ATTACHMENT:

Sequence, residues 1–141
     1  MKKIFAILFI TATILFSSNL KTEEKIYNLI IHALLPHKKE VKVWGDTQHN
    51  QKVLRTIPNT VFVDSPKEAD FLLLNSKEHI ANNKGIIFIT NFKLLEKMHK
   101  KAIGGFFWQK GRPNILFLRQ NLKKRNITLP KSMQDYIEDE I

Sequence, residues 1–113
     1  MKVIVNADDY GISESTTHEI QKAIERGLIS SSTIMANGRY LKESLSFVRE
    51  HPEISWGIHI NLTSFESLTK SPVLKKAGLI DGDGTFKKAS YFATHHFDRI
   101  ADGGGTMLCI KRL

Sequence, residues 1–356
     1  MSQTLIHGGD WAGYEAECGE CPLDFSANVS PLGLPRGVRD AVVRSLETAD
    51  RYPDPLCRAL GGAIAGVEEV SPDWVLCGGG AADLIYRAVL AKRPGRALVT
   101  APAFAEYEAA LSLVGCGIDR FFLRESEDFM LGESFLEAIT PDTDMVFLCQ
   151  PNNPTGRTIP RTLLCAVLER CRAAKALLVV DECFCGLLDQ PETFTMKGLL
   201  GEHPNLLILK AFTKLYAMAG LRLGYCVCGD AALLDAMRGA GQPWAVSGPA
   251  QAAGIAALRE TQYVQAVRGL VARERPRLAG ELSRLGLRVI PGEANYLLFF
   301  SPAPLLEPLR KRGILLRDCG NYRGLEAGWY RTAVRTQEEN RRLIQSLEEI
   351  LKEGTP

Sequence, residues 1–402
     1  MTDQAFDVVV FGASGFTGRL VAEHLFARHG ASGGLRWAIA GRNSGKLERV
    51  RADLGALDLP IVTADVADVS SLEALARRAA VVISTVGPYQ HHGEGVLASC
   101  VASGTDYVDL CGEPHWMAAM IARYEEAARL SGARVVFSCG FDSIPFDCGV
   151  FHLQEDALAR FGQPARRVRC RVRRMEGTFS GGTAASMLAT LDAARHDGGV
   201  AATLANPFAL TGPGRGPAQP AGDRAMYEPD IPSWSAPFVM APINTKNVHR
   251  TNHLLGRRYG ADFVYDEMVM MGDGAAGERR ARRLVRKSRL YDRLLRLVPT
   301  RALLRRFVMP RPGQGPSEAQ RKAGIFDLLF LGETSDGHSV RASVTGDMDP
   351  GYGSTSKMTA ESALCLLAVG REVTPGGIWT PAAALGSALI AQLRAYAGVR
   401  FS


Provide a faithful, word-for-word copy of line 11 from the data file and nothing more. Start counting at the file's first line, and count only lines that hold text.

    51  RYPDPLCRAL GGAIAGVEEV SPDWVLCGGG AADLIYRAVL AKRPGRALVT